The Conference Board Consumer Confidence Index (CCI) fell more than expected by 5.3 points in November and was revised higher for October. The Index now stands at 96.1 (1985=100), down from an upwardly revised reading of 101.4. Pandemic aside, this is the lowest consumer confidence reading since May 2016 and the first in the 90s since a month before Donald J. Trump won the presidency in November 2016.
Without a doubt, the decline was driven by consumers’ views about the future. The Present Situation Index — based on consumers’ assessment of current business and labor market conditions — fell only slightly from 106.2 to 105.9. But the Expectations Index — based on consumers’ short-term outlook for income, business, and labor market conditions — declined significantly from 98.2 to 89.5.
“Consumer confidence declined in November, after remaining virtually flat in October,” said Lynn Franco, Senior Director of Economic Indicators at The Conference Board. “Consumers’ assessment of present-day conditions held steady, though consumers noted a moderation in business conditions, suggesting growth has slowed in Q4.”
“Heading into 2021, consumers do not foresee the economy, nor the labor market, gaining strength. In addition, the resurgence of COVID-19 is further increasing uncertainty and exacerbating concerns about the outlook.”
The Consumer Confidence Survey (CCI) is based on a probability-design random sample and is conducted for The Conference Board by Nielsen. The cutoff date for the preliminary results was September 18. The cutoff date for the preliminary results was November 13.
Consumers’ appraisal of current conditions was relatively unchanged in November. The percentage of consumers claiming business conditions are “good” declined from 18.6 percent to 17.6 percent, but those claiming business conditions are “bad” also decreased, from 34.4 percent to 33.5 percent. Consumers’ assessment of the labor market was unchanged. The percentage of consumers saying jobs are “plentiful” held steady at 26.7 percent, while those claiming jobs are “hard to get” was virtually unchanged at 19.5 percent.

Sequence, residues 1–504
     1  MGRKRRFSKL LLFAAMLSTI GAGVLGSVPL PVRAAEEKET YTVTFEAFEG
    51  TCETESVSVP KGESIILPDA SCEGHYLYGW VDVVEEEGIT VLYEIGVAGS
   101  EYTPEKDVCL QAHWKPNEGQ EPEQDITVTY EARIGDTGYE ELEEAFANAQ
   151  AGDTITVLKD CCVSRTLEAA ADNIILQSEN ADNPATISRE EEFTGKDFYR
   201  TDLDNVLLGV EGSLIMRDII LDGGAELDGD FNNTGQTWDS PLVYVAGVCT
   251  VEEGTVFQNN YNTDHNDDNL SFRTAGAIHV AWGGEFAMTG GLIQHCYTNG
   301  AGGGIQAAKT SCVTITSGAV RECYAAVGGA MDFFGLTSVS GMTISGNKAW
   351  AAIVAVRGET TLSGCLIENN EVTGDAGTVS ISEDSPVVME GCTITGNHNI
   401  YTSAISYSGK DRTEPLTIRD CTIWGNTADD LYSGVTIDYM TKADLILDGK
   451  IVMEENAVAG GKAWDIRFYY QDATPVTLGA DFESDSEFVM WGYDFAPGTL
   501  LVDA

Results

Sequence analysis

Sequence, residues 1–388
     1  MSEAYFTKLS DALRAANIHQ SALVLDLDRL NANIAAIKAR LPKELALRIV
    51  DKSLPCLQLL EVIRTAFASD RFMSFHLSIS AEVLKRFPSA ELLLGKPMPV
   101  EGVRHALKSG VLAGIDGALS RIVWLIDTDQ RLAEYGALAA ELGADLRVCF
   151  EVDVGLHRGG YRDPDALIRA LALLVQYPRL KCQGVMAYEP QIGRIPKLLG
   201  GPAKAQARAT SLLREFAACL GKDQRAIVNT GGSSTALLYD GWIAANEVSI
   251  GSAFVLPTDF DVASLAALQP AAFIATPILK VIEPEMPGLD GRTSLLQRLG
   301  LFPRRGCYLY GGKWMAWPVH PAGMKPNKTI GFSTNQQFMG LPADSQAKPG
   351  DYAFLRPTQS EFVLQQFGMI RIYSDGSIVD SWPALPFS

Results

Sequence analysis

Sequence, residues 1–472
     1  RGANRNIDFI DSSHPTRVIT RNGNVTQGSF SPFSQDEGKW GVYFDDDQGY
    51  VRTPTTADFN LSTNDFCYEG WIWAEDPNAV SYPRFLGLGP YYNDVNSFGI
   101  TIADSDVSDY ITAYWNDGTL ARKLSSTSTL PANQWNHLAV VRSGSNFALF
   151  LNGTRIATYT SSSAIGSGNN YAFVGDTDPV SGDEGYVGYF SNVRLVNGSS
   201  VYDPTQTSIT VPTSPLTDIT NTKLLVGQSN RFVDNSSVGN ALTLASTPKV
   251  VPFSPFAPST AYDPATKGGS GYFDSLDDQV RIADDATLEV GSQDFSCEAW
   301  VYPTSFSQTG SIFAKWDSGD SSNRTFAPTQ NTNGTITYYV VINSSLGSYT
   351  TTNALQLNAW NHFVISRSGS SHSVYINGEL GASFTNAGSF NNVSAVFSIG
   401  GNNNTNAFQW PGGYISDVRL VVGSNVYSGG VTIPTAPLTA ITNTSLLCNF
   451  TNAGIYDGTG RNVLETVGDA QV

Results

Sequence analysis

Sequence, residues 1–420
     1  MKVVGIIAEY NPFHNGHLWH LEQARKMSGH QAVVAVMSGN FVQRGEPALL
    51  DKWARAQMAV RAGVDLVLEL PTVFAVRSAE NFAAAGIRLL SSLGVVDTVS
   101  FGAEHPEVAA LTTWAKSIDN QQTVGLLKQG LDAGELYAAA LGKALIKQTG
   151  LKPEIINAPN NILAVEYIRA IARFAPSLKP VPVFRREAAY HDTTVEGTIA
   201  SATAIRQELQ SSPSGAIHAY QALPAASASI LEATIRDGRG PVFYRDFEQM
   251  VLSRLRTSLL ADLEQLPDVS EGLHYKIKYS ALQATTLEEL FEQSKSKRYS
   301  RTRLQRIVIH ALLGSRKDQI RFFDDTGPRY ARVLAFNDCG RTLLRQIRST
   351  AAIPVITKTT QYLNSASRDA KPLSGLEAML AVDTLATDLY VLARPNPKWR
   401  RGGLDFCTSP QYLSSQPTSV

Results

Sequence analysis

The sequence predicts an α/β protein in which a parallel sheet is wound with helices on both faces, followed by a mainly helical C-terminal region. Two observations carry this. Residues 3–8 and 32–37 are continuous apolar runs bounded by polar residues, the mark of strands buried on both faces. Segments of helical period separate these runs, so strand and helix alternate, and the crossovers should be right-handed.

Consumers, however, have grown less optimistic about the short-term outlook. The percentage of consumers expecting business conditions will improve over the next six months decreased from 36.0 percent to 27.4 percent, while those expecting business conditions will worsen increased from 15.9 percent to 19.8 percent. Consumers’ optimism regarding the job market also weakened. The proportion expecting more jobs in the months ahead declined from 32.0 percent to 25.9 percent, while those anticipating fewer jobs increased moderately from 19.8 percent to 20.5 percent. Regarding their short-term income prospects, the percentage of consumers expecting an increase was virtually unchanged at 17.6 percent, while the proportion expecting a decrease declined from 14.2 percent to 13.3 percent.The Conference Board Consumer Confidence Index® Decreased in November